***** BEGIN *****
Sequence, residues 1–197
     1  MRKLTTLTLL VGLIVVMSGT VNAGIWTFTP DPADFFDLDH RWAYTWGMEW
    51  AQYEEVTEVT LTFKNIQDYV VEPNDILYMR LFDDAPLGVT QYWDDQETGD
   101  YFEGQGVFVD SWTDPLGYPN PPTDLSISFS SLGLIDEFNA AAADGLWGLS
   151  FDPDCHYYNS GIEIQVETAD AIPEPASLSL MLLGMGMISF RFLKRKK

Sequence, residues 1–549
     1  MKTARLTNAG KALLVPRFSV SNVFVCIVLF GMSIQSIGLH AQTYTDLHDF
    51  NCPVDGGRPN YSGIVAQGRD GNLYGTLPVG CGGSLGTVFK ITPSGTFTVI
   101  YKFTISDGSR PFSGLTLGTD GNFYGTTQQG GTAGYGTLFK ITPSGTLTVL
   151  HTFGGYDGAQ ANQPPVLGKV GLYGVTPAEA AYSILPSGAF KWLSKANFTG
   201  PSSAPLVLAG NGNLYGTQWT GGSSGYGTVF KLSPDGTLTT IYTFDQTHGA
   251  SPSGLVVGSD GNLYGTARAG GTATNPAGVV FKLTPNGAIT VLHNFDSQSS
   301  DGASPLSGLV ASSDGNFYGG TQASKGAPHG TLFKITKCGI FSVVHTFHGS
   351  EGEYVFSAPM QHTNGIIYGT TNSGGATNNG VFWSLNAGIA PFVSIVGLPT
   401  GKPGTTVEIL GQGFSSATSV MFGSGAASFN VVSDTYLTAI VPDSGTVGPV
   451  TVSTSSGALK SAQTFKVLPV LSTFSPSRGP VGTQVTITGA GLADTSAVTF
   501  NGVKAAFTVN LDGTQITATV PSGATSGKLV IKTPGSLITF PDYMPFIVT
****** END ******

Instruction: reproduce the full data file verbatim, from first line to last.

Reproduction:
Sequence, residues 1–197
     1  MRKLTTLTLL VGLIVVMSGT VNAGIWTFTP DPADFFDLDH RWAYTWGMEW
    51  AQYEEVTEVT LTFKNIQDYV VEPNDILYMR LFDDAPLGVT QYWDDQETGD
   101  YFEGQGVFVD SWTDPLGYPN PPTDLSISFS SLGLIDEFNA AAADGLWGLS
   151  FDPDCHYYNS GIEIQVETAD AIPEPASLSL MLLGMGMISF RFLKRKK

Sequence, residues 1–549
     1  MKTARLTNAG KALLVPRFSV SNVFVCIVLF GMSIQSIGLH AQTYTDLHDF
    51  NCPVDGGRPN YSGIVAQGRD GNLYGTLPVG CGGSLGTVFK ITPSGTFTVI
   101  YKFTISDGSR PFSGLTLGTD GNFYGTTQQG GTAGYGTLFK ITPSGTLTVL
   151  HTFGGYDGAQ ANQPPVLGKV GLYGVTPAEA AYSILPSGAF KWLSKANFTG
   201  PSSAPLVLAG NGNLYGTQWT GGSSGYGTVF KLSPDGTLTT IYTFDQTHGA
   251  SPSGLVVGSD GNLYGTARAG GTATNPAGVV FKLTPNGAIT VLHNFDSQSS
   301  DGASPLSGLV ASSDGNFYGG TQASKGAPHG TLFKITKCGI FSVVHTFHGS
   351  EGEYVFSAPM QHTNGIIYGT TNSGGATNNG VFWSLNAGIA PFVSIVGLPT
   401  GKPGTTVEIL GQGFSSATSV MFGSGAASFN VVSDTYLTAI VPDSGTVGPV
   451  TVSTSSGALK SAQTFKVLPV LSTFSPSRGP VGTQVTITGA GLADTSAVTF
   501  NGVKAAFTVN LDGTQITATV PSGATSGKLV IKTPGSLITF PDYMPFIVT